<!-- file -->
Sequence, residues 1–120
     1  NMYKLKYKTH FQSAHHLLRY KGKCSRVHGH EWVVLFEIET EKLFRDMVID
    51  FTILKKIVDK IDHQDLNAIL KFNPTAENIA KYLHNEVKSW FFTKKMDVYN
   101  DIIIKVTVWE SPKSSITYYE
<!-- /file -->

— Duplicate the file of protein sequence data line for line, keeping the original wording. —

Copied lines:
Sequence, residues 1–120
     1  NMYKLKYKTH FQSAHHLLRY KGKCSRVHGH EWVVLFEIET EKLFRDMVID
    51  FTILKKIVDK IDHQDLNAIL KFNPTAENIA KYLHNEVKSW FFTKKMDVYN
   101  DIIIKVTVWE SPKSSITYYE